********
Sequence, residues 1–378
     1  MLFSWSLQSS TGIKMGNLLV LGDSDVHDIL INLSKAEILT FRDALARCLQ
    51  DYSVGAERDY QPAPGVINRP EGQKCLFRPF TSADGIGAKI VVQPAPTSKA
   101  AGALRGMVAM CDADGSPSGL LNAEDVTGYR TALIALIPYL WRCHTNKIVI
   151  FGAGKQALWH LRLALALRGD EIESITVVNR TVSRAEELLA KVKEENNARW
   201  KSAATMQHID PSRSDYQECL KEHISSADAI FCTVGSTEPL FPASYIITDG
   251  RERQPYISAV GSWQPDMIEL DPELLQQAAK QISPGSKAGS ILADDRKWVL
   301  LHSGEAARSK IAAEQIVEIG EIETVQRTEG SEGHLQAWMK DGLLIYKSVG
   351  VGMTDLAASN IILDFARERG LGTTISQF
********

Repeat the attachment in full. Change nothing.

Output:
Sequence, residues 1–378
     1  MLFSWSLQSS TGIKMGNLLV LGDSDVHDIL INLSKAEILT FRDALARCLQ
    51  DYSVGAERDY QPAPGVINRP EGQKCLFRPF TSADGIGAKI VVQPAPTSKA
   101  AGALRGMVAM CDADGSPSGL LNAEDVTGYR TALIALIPYL WRCHTNKIVI
   151  FGAGKQALWH LRLALALRGD EIESITVVNR TVSRAEELLA KVKEENNARW
   201  KSAATMQHID PSRSDYQECL KEHISSADAI FCTVGSTEPL FPASYIITDG
   251  RERQPYISAV GSWQPDMIEL DPELLQQAAK QISPGSKAGS ILADDRKWVL
   301  LHSGEAARSK IAAEQIVEIG EIETVQRTEG SEGHLQAWMK DGLLIYKSVG
   351  VGMTDLAASN IILDFARERG LGTTISQF